The Clayton Mart on East Main Street was identified as a "challenge" by a group of volunteers with the Downtown Development Association in the "picture downtown" project.
CLAYTON -- Businesses in downtown Clayton that have been identified as “challenges” will continue to receive extra funding if they seek out grants from the town to improve their exteriors.
The facade grant program, which began in the 2007-2008 fiscal year, has helped improve 17 businesses downtown. The town spent $44,000 on the projects, while business owners invested $288,000.
The reimbursement rate has been 50 percent of a project’s cost up to $5,000, but the town council decided Tuesday night to increase that rate for downtown buildings that were identified as “challenges” in the Downtown Development Association’s Picture Downtown project in June.
For those businesses, facade improvement grants would have an increased reimbursement rate of 75 percent of a project’s cost up to $6,250.
“Several of the owners whose properties have been identified as “challenges” have been in discussion with the (Clayton Downtown Development Association) on ways to improve those buildings so we will see some changes in the near future,” said Bruce Naegelen, Downtown Development Coordinator.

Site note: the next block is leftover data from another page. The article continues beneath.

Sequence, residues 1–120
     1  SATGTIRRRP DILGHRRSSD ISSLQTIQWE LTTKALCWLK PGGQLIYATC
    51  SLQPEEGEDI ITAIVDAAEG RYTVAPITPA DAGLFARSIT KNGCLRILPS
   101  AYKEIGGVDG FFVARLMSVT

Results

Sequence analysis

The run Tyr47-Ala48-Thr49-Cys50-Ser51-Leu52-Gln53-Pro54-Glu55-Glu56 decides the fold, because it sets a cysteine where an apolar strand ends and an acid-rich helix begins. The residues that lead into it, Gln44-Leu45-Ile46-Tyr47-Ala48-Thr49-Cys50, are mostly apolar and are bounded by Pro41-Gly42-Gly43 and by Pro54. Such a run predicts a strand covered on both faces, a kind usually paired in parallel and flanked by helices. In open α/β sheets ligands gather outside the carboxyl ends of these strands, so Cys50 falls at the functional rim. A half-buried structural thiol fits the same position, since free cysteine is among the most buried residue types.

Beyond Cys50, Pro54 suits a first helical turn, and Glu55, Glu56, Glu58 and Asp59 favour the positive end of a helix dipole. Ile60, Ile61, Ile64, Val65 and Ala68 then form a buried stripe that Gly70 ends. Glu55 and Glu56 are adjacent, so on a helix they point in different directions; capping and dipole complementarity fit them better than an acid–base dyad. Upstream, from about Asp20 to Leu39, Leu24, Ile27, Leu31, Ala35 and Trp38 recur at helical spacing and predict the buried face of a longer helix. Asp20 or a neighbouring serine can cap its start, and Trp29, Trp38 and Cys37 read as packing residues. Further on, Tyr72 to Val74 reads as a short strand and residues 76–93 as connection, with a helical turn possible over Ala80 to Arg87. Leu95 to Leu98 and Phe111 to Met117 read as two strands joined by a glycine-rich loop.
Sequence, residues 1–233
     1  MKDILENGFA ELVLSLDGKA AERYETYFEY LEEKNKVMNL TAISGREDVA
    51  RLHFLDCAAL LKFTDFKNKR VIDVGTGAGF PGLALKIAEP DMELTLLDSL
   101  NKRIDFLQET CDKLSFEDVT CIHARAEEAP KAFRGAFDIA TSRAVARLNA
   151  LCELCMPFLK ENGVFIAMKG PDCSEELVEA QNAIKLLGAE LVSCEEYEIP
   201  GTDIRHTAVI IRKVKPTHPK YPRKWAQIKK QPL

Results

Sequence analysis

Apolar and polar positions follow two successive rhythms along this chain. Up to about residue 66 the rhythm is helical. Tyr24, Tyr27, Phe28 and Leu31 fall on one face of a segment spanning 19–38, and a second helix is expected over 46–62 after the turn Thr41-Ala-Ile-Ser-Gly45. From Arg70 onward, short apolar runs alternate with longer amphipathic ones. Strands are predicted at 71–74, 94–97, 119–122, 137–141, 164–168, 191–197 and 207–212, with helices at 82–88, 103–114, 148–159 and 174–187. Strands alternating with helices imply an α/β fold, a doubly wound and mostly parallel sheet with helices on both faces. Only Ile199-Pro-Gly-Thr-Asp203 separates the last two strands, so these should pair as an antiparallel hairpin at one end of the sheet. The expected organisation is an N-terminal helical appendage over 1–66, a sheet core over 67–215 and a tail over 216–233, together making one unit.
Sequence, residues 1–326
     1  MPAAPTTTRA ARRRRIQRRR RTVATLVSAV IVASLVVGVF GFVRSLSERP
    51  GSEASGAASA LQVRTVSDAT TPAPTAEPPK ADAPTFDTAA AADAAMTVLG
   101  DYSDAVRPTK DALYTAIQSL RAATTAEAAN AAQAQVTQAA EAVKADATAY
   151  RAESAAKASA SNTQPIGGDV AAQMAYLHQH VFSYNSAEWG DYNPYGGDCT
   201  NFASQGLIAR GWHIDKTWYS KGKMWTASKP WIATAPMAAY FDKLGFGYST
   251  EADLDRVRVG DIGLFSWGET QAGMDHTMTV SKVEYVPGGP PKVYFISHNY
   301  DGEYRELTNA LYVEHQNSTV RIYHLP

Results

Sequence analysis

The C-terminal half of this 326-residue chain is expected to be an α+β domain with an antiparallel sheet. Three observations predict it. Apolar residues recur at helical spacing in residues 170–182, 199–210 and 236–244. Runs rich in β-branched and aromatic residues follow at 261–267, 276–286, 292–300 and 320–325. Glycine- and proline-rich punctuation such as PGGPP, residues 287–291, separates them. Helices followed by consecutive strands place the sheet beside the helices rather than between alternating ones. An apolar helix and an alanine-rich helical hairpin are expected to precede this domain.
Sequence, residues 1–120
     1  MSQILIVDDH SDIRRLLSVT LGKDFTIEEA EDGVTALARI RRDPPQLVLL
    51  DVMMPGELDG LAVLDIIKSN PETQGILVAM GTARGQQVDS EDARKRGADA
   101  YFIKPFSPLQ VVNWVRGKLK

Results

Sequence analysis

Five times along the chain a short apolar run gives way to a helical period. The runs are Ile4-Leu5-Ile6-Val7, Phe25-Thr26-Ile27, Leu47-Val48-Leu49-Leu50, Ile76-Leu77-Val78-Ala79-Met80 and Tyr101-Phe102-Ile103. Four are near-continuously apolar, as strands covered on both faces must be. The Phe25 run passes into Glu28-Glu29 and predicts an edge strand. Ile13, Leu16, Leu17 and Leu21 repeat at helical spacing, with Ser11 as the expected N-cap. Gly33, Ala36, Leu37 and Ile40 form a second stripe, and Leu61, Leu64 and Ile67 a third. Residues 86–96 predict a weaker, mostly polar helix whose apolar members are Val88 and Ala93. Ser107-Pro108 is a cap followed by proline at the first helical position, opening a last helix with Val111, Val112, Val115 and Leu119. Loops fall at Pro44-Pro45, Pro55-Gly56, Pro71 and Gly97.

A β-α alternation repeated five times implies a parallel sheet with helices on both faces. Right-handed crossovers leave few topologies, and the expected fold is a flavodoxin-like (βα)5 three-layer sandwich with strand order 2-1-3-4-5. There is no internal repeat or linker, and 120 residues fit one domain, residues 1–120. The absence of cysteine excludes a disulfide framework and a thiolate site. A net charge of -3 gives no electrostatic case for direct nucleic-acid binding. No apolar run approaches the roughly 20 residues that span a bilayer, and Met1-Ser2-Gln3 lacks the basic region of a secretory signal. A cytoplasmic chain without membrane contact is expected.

That increased amount was first decided on leading up to the N.C. Main Street conference in January, when town planners from across the state visited Clayton.
Prior to the conference, downtown businesses participating in the grant program received 75 percent of a project’s cost.
In the 2012-2013 budget, the town set aside $20,000 for a facade grant program for the downtown area and considered extending the grants to businesses in the thoroughfare overlay district along U.S. Business 70 and N.C. 42.
While the council decided against spreading the allocated funding to the thoroughfare overlay district this year, they will consider allocating more funding to expand the facade grant program in the 2013-2014 fiscal year.
At a prior council meeting, Mayor Jody McLeod voiced his concern that expanding the facade grants into the thoroughfare overlay district might be too blanketed an approach.
“If we’re gonna branch out into the thoroughfare overlay district, I want us to have some thought about what areas we need to be in. I want us to identify areas as a council that we want to see that go toward,” McLeod said.
Planning director David DeYoung suggested doing a “picture Clayton” project that would give folks the opportunity to take photos of challenges throughout Clayton, helping to give the council a better idea of which parts of town could benefit from the facade grant program.
“People could go around and take pictures of things they like and dislike about the whole town,” DeYoung suggested.